“Communities need to have officers that look like them and reflect them,” said Goss Andrews, a retired deputy chief of the Detroit Police Department, who spoke generally and not in reference to Maryland’s NRP. “Police departments have to have that as their core values. That must be in their messaging. It’s not just one thing. It’s really a culture shift. That’s what DEI means. It’s looking at it through different races, and cultures.”

She said having a diverse department also allows a department to communicate better with communities. “If you can’t communicate with the community, you can’t protect the community,” she said.

Recruiting is key, according to Goss Andrews.

“You can’t recruit people the way we did 10 years ago. That is not attracting a wide swath,” Goss Andrews said. “You’re really going to have to change to reflect the community you want to recruit from.”

NRP has begun advertising open positions front and center on its website. The agency tweeted on Feb. 28: “The Maryland Natural Resources Police is proud to have diverse officers from various backgrounds and cultures.” A Twitter user commented: “Why don’t you get the best capable for the job instead of what they look like. Affirmative action is discrimination. You should be ashamed.”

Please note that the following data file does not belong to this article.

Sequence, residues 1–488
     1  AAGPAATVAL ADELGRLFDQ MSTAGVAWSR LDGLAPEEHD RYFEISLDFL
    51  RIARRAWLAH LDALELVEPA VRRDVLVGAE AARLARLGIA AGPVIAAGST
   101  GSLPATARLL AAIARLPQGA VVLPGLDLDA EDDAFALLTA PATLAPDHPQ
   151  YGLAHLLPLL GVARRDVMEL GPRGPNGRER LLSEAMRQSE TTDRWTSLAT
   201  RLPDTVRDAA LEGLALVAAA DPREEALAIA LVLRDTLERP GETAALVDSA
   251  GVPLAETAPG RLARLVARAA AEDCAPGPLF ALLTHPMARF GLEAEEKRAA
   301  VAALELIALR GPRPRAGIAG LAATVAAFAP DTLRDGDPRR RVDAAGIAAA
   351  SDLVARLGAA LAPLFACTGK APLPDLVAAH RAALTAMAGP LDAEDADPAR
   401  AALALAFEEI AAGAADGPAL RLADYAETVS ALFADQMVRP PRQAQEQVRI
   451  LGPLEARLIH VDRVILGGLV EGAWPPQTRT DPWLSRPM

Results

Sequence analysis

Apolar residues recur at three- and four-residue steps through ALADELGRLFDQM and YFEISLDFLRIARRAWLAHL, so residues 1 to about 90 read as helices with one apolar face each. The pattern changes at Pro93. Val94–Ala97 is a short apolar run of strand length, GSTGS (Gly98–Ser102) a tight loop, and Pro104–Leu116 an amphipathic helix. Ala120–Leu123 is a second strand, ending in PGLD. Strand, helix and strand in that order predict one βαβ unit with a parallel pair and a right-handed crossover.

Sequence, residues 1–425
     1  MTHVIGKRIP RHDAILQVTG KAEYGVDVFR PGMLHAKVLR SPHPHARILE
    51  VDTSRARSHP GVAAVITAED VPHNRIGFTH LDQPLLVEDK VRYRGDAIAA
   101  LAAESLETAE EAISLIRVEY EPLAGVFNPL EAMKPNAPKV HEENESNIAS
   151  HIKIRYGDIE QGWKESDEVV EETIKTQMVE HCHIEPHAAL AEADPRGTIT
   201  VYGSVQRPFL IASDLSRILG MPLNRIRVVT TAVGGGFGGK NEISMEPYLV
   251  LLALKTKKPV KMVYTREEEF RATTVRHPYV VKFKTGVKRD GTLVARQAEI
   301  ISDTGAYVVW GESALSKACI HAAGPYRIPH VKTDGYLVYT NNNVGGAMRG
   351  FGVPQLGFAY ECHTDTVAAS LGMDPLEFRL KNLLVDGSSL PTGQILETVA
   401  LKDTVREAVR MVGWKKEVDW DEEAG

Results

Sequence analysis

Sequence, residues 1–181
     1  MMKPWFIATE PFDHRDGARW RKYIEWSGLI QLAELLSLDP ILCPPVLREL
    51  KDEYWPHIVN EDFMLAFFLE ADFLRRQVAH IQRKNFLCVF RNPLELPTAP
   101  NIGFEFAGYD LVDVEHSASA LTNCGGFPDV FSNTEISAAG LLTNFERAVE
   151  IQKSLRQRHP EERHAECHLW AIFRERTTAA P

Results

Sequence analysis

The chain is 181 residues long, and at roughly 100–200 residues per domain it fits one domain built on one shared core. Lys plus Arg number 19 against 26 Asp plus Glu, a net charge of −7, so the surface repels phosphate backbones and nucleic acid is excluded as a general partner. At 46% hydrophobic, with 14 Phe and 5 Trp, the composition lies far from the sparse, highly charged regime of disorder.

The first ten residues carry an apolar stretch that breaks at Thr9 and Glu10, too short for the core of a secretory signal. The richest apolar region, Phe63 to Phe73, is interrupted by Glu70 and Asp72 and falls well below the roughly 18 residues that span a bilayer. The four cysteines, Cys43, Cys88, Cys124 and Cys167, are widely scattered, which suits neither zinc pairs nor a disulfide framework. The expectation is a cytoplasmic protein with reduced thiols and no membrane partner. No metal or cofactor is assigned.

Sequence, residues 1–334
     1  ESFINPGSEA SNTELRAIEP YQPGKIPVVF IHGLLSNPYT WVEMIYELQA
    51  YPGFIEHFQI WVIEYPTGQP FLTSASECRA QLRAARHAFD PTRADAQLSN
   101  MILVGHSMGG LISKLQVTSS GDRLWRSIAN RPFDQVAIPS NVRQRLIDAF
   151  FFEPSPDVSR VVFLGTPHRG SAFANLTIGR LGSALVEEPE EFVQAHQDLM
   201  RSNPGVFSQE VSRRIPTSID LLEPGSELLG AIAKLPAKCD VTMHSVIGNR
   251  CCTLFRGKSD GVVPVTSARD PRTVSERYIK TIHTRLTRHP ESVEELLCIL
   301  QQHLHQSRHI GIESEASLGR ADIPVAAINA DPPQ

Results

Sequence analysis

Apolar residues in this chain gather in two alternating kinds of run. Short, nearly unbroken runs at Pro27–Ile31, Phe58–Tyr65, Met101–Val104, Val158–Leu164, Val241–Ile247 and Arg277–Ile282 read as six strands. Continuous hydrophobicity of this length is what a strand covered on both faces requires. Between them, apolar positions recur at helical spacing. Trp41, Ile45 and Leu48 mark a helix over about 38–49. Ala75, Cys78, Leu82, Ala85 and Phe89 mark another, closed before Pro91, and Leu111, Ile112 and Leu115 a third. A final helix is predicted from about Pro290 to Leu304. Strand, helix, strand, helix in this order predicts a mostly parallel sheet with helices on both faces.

The Natural Resources Police did not reveal the exact timeline for the intake process to begin for the 2024 class of recruits. Typically, the training academy for new recruits starts in March with an October graduation.

“It will be this year. The date when that takes place has not been determined,” Bortz said.